The Swimming-Pool Library

by Alan Hollinghurst

Paperback, 2015

Status

Available

Call number

823.914

Publication

Vintage Classics (2015), 432 pages

Description

This novel centres on the friendship of William Beckwith, a young gay aristocrat who leads a life of privilege and promiscuity, and the elderly Lord Nantwich, who is searching for someone to write his biography.

User reviews

LibraryThing member elliepotten
A compelling and sexy novel about a decadent, gay young aristocrat in 80’s London whose life is changed irrevocably when he saves the life of the elderly Lord Nantwich. Will has time on his hands and little in his life but sex and self-indulgence, so when his new friend asks him to write his
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memoirs he cannot find a good enough excuse to say no.

From the moment Will starts reading the journals of Charles Nantwich, new truths and new perspectives are opened up to him. The people he thought he knew are thrown into new light, new histories are revealed, and all the while his life goes on, clawing its way towards a new maturity.

The intertwining of Will's London and Charles's experiences as a young man, at university, as a soldier abroad, and into middle age, works beautifully and doesn't confuse the reader or become offputting. At the same time the novel raises many complex issues around class, sexuality and race over the decades, and the treatment of minority groups in England. The end was frustratingly brief and inconclusive, but the rest of the novel was absorbing enough to excuse it. I'm glad I got it out of the library as I don't think I'd read it again, but I would definitely recommend it to people with open minds who don't mind putting a bit of thought into their reading experience.
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LibraryThing member AddictedToMorphemes
Will Beckwith, a young man in his 20s, is cruising for sex in a public restroom when 80-year-old Lord Nantwich collapses from a heart attack. As others scatter so they are not discovered in a known location for cottaging, young Will resuscitates the victim, and in so doing, saves his life.

The two
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acquaintances are on their way to becoming friends when the old lord requests that Will write his memoirs, which Will discovers are not altogether tame. There is a vast difference in their ages but the younger is seemingly living a parallel life to what the elderly gentleman lived. Their lives contain excess debauchery at a time before the threat of AIDS. As wild as young Will is, he is still a bit turned off and offended by some of the old lord's antics.

Their lifestyle of flitting around from one new sexual conquest to the next, even when they feel like they are in love with a regular partner, may be a combination of their personal tastes and friendship circles and/or the fact that homosexual men would have had to find safe places where they could be themselves; often leading them to bathhouses, gay cinemas, public restroom "cottaging" or to similar places where they were free to openly express and enjoy their sexuality, which tended to be environments of complete hedonism.

These two characters were an enigma. Most of the time I wasn't sure whether I liked them very much for they both had little regard for anyone but themselves and seemed to thrive on their own power and control over others; from the outside looking in, they both come across as abusive.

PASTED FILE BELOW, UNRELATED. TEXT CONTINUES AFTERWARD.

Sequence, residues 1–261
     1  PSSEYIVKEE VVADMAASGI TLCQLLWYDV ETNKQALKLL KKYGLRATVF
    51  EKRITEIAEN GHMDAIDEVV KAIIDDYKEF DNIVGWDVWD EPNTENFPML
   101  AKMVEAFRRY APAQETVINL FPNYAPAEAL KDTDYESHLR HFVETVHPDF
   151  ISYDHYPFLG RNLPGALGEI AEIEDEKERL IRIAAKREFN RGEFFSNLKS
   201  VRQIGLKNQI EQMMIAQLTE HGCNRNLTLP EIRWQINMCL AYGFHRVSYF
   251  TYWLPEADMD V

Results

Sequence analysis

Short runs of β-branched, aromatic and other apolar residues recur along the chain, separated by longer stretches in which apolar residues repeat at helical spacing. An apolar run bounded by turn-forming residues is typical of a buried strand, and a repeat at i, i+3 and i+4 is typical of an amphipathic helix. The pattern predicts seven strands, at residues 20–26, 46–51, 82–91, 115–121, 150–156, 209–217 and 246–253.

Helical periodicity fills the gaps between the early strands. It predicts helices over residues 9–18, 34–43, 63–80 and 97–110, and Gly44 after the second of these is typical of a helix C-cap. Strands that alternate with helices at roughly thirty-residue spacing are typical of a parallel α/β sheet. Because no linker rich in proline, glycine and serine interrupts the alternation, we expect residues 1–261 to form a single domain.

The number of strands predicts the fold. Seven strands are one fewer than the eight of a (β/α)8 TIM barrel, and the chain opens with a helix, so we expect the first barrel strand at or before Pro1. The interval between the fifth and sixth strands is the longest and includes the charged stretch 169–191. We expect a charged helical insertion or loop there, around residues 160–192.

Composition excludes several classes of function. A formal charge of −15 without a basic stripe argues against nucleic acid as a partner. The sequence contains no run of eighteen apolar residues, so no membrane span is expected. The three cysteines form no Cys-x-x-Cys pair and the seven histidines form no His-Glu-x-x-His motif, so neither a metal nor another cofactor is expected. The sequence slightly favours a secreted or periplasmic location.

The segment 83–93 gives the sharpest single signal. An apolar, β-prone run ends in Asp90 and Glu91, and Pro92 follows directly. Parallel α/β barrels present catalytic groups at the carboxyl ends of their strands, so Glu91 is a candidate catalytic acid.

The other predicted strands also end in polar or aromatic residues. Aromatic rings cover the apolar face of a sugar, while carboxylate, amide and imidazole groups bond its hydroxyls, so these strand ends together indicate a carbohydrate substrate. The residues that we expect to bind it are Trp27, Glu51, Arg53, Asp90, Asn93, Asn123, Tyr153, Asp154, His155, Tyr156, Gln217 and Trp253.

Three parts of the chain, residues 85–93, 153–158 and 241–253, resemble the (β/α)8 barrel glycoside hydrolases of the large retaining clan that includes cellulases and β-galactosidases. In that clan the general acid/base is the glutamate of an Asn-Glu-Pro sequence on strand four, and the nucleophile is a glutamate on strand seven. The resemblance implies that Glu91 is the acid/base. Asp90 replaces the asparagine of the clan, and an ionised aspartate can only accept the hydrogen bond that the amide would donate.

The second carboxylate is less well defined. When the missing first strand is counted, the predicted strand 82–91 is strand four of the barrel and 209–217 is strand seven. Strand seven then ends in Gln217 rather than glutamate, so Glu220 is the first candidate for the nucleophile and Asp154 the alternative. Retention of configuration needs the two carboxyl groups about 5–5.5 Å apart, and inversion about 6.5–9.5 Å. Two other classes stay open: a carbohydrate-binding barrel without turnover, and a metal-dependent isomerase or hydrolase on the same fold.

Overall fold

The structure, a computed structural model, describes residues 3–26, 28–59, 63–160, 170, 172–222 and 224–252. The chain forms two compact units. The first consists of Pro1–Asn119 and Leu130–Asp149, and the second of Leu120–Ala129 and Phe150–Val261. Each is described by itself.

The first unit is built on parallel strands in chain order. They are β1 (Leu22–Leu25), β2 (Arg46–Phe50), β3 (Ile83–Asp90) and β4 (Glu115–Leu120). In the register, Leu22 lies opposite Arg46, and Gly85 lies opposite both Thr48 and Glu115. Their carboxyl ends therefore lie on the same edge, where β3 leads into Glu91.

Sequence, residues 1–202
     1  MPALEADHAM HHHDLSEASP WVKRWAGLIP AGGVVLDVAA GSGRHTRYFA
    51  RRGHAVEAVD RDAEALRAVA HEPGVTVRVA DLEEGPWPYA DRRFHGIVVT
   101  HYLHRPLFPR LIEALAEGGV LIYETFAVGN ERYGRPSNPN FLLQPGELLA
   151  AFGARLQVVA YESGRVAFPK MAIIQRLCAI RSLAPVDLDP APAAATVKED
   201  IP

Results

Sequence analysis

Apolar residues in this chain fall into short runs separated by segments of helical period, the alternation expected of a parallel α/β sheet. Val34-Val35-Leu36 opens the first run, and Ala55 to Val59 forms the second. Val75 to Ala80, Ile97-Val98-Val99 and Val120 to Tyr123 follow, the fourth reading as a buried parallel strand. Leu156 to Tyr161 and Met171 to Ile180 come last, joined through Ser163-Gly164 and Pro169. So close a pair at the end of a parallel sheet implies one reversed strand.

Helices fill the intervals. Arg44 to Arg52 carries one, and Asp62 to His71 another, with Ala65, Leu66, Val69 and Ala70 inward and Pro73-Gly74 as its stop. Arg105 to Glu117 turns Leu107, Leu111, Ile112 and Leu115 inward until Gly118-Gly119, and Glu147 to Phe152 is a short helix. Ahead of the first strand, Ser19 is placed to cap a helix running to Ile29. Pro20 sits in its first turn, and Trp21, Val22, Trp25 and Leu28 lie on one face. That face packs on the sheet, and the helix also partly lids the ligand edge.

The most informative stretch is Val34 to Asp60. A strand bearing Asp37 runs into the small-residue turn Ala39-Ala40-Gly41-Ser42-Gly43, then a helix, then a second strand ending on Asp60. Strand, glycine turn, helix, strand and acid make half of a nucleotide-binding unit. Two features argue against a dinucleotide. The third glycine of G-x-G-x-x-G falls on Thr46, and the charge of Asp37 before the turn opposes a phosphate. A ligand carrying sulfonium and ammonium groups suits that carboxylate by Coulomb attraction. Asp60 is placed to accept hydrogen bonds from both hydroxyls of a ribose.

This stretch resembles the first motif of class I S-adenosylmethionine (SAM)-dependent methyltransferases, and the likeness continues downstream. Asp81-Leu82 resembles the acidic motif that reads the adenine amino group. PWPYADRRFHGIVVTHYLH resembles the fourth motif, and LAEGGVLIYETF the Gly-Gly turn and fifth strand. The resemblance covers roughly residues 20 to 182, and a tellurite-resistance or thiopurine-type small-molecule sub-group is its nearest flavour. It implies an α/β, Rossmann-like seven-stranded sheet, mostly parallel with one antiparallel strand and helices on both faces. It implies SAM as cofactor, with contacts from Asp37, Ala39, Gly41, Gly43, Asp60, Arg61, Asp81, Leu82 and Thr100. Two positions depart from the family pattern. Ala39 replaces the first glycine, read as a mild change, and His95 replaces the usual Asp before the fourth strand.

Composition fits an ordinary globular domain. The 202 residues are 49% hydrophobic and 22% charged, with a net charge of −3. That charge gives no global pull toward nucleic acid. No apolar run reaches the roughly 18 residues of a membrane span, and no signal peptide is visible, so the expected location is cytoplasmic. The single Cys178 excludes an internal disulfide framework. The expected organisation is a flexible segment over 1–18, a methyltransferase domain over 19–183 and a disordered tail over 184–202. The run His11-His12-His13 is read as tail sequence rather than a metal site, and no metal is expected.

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LibraryThing member PilgrimJess
Set in London in 1983, The Swimming-Pool Library centres the promiscuous lifestyle of homosexual Will Beckwith, an aristocratic young man, who spends his days idling and picking up other gay men. When, one day,he saves the life of Charles Nantwich, an octogenarian peer, a friendship develops. When
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he was much younger Lord Nantwich served in the foreign service in Africa and he gives Will his old diaries in the hope that he will write his biography.

As Will reads through the diaries we discover that, despite the 60 year age difference, there are many parallels between the lives of the two men. Both come from privileged backgrounds, led self-indulgent lifestyles spent pursuing young men for casual sex with both showing a preference for black men. However, whilst Nantwich was forced to conceal his sexual preferences Will lives in a society that not only tolerates homosexuality but also one that must conceal any prejudices it may still retain.

The similarity of the two characters’ youth can certainly be read as a comment on the ruling class where a colonial sense of entitlement especially towards ethnic minorities, even if inadvertent, means that changes to habits and attitudes are slow to materialise.

Extracts from Lord Nantwich’s diary, with its depictions of repressed homosexuality, breaks up the main narrative which is liberally peppered with graphic sex scenes. Yet a sense of loneliness pervades the book, many of the characters live solitary existences, interspersed by wild, but ultimately meaningless sexual encounters.

There is undoubtedly a certain elegance to the prose but overall the plot felt meandering and aimless. Will seems incapable of questioning let alone altering his lifestyle no matter what befalls him. In truth, the novel felt over-sexed to the point of tedium and the sexual interludes seem to serve no purpose other than to show the increasingly liberal attitudes of both the reading public and society in general has become. Although admittedly this may be because today we are armed with the knowledge of the AIDS epidemic that occurred only a few years after this book was set. The book is populated almost exclusively by promiscuous homosexual men meaning that overall this felt like a celebration of a gay sub-culture, but little more. On more than one occasion I was tempted to throw in the towel and give up but persevered in the hope that it would come to some conclusion only to be ultimately left sadly disappointed.